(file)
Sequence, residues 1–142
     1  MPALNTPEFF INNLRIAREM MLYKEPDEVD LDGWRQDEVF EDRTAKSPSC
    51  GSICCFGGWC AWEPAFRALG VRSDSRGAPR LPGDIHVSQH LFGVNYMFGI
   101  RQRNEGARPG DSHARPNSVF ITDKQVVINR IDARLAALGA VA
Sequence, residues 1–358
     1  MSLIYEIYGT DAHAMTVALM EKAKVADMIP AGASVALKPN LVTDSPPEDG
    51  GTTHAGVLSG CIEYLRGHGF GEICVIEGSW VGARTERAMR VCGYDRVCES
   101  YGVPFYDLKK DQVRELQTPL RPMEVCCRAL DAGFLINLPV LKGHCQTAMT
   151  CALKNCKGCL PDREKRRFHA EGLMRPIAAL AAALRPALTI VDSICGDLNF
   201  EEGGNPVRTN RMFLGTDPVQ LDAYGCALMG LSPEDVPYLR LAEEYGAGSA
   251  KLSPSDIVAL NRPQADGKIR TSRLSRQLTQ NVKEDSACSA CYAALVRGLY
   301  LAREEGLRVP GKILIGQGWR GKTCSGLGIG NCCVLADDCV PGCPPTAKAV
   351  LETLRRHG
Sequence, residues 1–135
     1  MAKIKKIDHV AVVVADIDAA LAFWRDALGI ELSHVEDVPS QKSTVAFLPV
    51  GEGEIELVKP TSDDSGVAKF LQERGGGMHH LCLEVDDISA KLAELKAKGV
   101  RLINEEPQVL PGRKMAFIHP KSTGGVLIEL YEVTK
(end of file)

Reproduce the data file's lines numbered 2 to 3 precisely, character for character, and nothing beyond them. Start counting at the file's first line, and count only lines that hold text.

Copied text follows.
     1  MPALNTPEFF INNLRIAREM MLYKEPDEVD LDGWRQDEVF EDRTAKSPSC
    51  GSICCFGGWC AWEPAFRALG VRSDSRGAPR LPGDIHVSQH LFGVNYMFGI